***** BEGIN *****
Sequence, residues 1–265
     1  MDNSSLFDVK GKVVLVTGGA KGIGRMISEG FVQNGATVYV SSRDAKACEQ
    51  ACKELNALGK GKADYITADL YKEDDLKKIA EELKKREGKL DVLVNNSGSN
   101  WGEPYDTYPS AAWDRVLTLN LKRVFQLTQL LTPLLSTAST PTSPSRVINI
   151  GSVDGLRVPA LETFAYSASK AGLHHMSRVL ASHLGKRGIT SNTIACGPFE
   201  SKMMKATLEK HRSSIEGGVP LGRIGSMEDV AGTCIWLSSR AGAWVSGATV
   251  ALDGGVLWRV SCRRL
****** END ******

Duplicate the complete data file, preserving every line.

Sequence, residues 1–265
     1  MDNSSLFDVK GKVVLVTGGA KGIGRMISEG FVQNGATVYV SSRDAKACEQ
    51  ACKELNALGK GKADYITADL YKEDDLKKIA EELKKREGKL DVLVNNSGSN
   101  WGEPYDTYPS AAWDRVLTLN LKRVFQLTQL LTPLLSTAST PTSPSRVINI
   151  GSVDGLRVPA LETFAYSASK AGLHHMSRVL ASHLGKRGIT SNTIACGPFE
   201  SKMMKATLEK HRSSIEGGVP LGRIGSMEDV AGTCIWLSSR AGAWVSGATV
   251  ALDGGVLWRV SCRRL